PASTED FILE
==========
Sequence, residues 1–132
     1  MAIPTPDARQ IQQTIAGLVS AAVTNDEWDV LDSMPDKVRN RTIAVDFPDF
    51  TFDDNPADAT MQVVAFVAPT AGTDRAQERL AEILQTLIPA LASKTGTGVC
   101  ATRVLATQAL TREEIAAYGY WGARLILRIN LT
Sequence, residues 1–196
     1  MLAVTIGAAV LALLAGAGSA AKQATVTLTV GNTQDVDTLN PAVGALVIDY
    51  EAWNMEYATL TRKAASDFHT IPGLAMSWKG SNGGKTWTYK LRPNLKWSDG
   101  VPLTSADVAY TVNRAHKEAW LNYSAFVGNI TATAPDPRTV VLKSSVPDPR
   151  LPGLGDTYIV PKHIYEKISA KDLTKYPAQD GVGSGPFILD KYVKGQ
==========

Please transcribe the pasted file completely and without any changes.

Sequence, residues 1–132
     1  MAIPTPDARQ IQQTIAGLVS AAVTNDEWDV LDSMPDKVRN RTIAVDFPDF
    51  TFDDNPADAT MQVVAFVAPT AGTDRAQERL AEILQTLIPA LASKTGTGVC
   101  ATRVLATQAL TREEIAAYGY WGARLILRIN LT
Sequence, residues 1–196
     1  MLAVTIGAAV LALLAGAGSA AKQATVTLTV GNTQDVDTLN PAVGALVIDY
    51  EAWNMEYATL TRKAASDFHT IPGLAMSWKG SNGGKTWTYK LRPNLKWSDG
   101  VPLTSADVAY TVNRAHKEAW LNYSAFVGNI TATAPDPRTV VLKSSVPDPR
   151  LPGLGDTYIV PKHIYEKISA KDLTKYPAQD GVGSGPFILD KYVKGQ